Can You Earn $150/Month per Account for Services Alone? OneVision Says Yes
OneVision Resources develops instant triage, basic support and monitoring service program that it believes is repeatable for all integrators to use. Find out how it works.
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OneVision Company Info
Is the existing business model for custom installation outdated? OneVision Resources in Boston thinks so.
The eight-year-old company has completed a bold transition from being a custom integration firm that physically installs equipment in homes to a service provider that helps the rest of the industry build RMR (recurring monthly revenue) and focus on billable work by offering to manage their service desks.
OneVision is the latest custom integrator to go from being a competitor in the industry to becoming a service provider to the industry. “Following in the footsteps of Stuart Rench of Ihiji, Scott Marchand of Slateplan and Kirk Chisholm of SupplyStream, as former integrators we identified a problem in the industry and now as vendors we’re providing our solution to the rest of the industry at large,” says Joseph Kolchinsky, founder and managing director of OneVision.
Indeed, the company has placed itself at the forefront of a paradigm shift aimed at guiding the entire industry away from its dependence on equipment markups to a service-based RMR business model. The end result being happier customers, improved levels of service, more profit and ultimately higher valuations for custom integration companies when seeking an exit strategy.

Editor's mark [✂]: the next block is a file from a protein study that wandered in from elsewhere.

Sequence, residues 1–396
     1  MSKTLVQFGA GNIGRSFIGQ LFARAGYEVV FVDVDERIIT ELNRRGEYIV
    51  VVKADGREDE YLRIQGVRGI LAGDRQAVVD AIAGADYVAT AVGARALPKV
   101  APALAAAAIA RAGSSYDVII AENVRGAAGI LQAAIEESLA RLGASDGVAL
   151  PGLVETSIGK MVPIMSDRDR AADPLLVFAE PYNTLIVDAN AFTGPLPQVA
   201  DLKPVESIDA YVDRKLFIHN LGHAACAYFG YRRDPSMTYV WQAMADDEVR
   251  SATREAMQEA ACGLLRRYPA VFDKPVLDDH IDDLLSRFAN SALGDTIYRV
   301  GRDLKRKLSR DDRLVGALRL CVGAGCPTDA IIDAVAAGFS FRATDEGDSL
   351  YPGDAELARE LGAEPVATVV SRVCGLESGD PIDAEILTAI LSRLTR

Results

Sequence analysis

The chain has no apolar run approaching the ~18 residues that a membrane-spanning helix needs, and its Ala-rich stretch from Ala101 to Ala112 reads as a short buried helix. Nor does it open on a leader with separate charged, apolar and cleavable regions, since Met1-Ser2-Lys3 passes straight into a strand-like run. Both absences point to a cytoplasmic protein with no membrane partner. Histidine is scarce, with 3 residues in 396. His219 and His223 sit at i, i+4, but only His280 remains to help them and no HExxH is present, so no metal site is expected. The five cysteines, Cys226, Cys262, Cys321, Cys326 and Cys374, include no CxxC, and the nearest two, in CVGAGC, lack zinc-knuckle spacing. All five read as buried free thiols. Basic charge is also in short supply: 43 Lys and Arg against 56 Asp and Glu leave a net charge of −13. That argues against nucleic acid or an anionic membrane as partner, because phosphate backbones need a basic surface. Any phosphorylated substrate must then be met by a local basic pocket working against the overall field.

Surely, OneVision’s ideas will ruffle some feathers. But as the industry plods along with the same business model developed in the 1980s built on making money from equipment margins, OneVision has been challenging the status quo and is now enabling other integrators to piggyback on its “instant triage” and “proactive monitoring” business model. And the company is not alone — at least one custom installation company, Symbio Lighting + Control in Houston, has inked a deal for OneVision to service its high-end clientele allowing the company to focus on billable work and saving tens of thousands of dollars in man-hours and service costs.
Why Not the Status Quo?
Home technology professionals face continued decrease in margins in virtually every equipment category. Flat-panel TVs, touchpanels, automation systems, multiroom audio systems, motorized shades and other categories that used to carry hefty margins are now sold at minimal mark-ups, while at the same time the total prices have fallen dramatically. CE pros have been forced to maintain the value of their labor to make up for the shortfall. Many integrators work harder than ever before, doing more projects at lower margins to keep pace.
Now here comes the Millennial generation, a group of 80 million just entering their prime spending years who are avid discount-seekers that prefer to be DIYers when it comes to their home technology. The future growth prospects could be bleak for integrators unwilling to change, but for those who are willing to embrace service and RMR the prospects are brighter than ever given society’s increased dependence on technology.
In the meantime, if you broadly break down the phases of a traditional custom installation business — marketing, design/ sales, equipment acquisition, installation, programming, training and service — most integrators are only getting paid for one task: physically installing the equipment, while subsidizing the rest of the process.